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Патент USA US2117525

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May 17, 1938.
J. SUNN‘EN
'
'
2,117,525
BEAMER
Filed Aug. 22, 1955
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May 17„ 1938.
'.I. sUNNEN
2,117,525
BEAMER
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Filed Aug. 22, 1955
2 Sheets-Sheet 2
FIGA. 47
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IN1/EN roe.'
.fos EPH SUN/«EM
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Patented May 17, 1938
N
2,117,525
UNITEDV STATES PATENT oFFlcr;
¿117,525
BEAMER
ì
Joseph Sunnen, Kirkwood, Mo.
Application August 22, 1935,*seria1`No. 37,306
5 Claims.
My invention has relation to improvements in
reamers particularly adapted for the reaming of
small holes, and it consists in the novel features
of construction more fully set forth in the speci
5 flcation and pointed out in the claims.
The invention is primarily directed to the ream
ing tool per se which is carried in a mandrel af
fixed to a machine for rotating the same and
(o1. tlv-75.5)
that shown in Fig. `3 and part `of the mandrel
broken away; Fig. 5 is a section similar to that
shown in Fig; 4„except that the reaming tool has
been adjusted to the size of the hole that is to be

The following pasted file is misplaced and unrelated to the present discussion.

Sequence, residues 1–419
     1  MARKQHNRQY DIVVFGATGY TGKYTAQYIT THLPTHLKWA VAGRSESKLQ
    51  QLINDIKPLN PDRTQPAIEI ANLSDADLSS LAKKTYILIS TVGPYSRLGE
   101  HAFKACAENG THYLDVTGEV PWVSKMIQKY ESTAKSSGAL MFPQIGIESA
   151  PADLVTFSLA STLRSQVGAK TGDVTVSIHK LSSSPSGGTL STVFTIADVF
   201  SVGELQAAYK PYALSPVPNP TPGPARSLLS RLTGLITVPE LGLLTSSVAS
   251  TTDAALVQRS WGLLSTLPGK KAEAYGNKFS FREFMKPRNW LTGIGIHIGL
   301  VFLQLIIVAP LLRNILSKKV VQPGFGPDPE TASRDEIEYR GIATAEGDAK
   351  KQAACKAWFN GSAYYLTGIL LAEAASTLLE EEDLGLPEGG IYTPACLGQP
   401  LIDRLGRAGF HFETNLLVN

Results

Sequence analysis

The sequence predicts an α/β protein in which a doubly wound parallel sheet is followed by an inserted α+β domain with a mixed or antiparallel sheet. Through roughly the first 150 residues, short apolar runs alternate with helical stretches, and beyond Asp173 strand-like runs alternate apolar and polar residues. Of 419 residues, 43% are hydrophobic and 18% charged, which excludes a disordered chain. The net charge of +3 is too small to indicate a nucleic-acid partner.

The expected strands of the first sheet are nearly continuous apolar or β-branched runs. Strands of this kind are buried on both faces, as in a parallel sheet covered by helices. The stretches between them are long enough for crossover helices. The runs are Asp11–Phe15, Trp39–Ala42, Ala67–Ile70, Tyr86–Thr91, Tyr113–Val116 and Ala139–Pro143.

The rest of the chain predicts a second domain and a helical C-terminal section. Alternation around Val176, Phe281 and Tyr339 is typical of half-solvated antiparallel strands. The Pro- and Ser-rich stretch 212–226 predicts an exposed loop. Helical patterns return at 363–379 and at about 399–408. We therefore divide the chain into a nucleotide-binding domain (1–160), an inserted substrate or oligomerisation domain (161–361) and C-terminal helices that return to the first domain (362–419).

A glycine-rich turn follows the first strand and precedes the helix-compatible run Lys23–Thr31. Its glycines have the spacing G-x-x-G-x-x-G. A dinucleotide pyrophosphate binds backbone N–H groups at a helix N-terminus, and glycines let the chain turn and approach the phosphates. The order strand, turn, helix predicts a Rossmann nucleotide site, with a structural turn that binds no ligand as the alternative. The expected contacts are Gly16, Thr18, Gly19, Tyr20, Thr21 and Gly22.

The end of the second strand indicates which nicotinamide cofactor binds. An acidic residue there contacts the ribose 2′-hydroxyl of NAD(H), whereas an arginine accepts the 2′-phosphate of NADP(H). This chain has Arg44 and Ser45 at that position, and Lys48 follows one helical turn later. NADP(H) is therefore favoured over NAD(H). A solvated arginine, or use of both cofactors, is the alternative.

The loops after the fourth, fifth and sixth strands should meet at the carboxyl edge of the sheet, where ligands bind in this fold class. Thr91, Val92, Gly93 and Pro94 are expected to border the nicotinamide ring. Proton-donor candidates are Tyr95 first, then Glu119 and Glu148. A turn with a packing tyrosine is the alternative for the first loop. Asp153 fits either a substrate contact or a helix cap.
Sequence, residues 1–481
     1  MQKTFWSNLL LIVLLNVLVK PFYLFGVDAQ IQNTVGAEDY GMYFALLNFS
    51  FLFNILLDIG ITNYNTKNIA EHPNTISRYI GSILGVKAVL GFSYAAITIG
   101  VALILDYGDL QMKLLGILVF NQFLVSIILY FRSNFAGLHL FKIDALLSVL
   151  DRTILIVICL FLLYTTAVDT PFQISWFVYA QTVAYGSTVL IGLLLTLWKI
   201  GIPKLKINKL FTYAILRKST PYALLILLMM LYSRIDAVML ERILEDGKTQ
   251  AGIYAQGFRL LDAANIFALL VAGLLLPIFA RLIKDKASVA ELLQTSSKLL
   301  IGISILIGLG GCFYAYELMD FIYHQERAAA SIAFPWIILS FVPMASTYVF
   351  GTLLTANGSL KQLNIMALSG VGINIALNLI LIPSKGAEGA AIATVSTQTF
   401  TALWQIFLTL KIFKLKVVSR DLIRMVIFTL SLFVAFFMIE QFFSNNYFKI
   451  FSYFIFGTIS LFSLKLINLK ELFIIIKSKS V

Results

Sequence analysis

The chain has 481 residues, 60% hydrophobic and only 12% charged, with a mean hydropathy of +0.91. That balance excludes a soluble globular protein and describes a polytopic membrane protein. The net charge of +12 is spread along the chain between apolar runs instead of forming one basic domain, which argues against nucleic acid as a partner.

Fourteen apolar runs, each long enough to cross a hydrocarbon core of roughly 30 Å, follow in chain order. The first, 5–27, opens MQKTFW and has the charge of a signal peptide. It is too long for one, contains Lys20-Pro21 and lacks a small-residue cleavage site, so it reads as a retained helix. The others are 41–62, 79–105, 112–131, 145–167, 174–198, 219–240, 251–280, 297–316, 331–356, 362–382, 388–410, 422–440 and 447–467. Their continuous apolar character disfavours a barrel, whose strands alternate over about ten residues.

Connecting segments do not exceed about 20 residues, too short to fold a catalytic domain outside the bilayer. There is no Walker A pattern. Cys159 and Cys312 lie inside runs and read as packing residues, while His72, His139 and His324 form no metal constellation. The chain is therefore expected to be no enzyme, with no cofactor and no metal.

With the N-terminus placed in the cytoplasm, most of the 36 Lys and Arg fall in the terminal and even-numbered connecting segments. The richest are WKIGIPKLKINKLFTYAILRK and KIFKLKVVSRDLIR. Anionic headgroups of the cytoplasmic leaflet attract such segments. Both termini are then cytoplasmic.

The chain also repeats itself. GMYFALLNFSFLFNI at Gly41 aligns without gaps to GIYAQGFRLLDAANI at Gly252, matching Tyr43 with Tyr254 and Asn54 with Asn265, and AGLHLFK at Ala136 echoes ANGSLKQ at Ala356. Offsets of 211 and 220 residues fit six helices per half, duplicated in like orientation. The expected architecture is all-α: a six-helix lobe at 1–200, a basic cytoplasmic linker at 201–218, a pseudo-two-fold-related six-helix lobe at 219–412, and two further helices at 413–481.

reamed but with the cutter in the retracted posi 5
tion it occupies before the actuating pedal is de
pressed; Fig. 6 is a section similar to Fig. 5, except
that the cutter has been advanced so as to remove
controlling the reaming operations. The ma
chine which carries the mandrel forms no part
of the present invention but is of the same char
.metal from the `surface of the hole being reamed
because of the depressing of the actuating pedal;
acter as that described and claimed in my co
indicated by the line 'I-l in Fig. 4; Fig; 8 is a
pending application Serial No. 17,819, filed April
23, 1935. This machine will, therefore, not be
cross-sectional >detail taken on a plane indicated
1,5` described in detail but only to the extent neces
sary to understand the operation of the reaming
tool.
i
The principal obje-ct of the reaming tool is to